ESA’s Euclid space telescope is nearly ready for launch. The spacecraft arrived in Florida on 30 April for final tests and checks, and now being integrated with the SpaceX Falcon 9 rocket that will carry it into space.
For the team at ESA’s European Space Operations Centre (ESOC) in Darmstadt, Germany, this means that the most intense phase of their work is about to begin. To prepare themselves, the team has simulated the launch operations, tackling issues ranging from team members falling ill to a computer mouse being taped over.
Euclid is ESA’s space telescope designed to explore the dark Universe. The mission will create the largest, most accurate 3D map of the Universe ever produced across 10 billion years of cosmic time. Euclid will explore how the Universe has expanded and how large-scale structure is distributed across space and time, revealing more about the role of gravity and the nature of dark energy and dark matter.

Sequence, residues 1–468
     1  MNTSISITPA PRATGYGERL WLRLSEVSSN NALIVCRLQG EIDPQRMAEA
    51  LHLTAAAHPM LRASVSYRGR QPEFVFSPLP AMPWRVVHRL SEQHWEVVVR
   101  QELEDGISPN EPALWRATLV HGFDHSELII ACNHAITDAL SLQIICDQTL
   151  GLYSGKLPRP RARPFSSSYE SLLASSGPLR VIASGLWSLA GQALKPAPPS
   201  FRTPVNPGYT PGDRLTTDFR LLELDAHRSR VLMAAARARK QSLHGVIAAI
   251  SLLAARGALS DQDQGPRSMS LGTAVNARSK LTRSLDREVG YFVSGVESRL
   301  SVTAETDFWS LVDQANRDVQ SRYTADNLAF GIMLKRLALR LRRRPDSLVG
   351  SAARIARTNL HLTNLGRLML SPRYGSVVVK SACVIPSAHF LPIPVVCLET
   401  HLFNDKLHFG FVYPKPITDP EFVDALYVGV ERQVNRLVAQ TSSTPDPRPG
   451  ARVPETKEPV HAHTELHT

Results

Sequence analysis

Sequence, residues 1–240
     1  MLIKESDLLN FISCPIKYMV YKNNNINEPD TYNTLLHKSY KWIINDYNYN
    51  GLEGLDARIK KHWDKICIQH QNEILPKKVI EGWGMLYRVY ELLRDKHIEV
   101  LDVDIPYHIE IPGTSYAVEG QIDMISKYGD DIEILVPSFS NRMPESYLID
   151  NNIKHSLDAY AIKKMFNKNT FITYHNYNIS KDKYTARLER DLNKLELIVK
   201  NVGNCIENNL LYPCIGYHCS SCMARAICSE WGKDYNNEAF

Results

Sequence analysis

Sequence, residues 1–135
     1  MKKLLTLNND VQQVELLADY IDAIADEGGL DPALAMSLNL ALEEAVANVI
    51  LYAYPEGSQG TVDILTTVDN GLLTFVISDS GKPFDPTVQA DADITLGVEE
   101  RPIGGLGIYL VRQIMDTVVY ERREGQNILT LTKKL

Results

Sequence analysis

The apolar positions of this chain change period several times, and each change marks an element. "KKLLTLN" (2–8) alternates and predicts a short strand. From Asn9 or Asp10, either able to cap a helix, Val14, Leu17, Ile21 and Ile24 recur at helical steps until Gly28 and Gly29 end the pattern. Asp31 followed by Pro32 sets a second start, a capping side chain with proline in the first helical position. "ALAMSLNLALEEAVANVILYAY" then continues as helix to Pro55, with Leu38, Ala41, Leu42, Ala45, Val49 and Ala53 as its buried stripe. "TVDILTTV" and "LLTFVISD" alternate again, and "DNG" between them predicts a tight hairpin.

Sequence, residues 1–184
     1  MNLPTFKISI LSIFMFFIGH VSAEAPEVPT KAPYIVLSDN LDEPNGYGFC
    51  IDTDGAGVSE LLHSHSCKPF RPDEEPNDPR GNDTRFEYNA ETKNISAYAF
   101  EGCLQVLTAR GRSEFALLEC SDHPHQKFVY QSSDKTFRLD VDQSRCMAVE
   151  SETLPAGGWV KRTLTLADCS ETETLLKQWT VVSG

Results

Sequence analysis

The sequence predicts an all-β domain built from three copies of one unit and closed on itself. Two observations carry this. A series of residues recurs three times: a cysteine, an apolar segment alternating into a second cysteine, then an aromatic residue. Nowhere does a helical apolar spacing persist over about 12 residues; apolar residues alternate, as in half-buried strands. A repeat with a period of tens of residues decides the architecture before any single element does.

Euclid is targeted to launch on a SpaceX Falcon 9 rocket from Cape Canaveral in Florida, USA, at 11:11 local time / 16:11 BST / 17:11 CEST on Saturday 1 July 2023. A back-up launch date of Sunday 2 July 2023 is foreseen.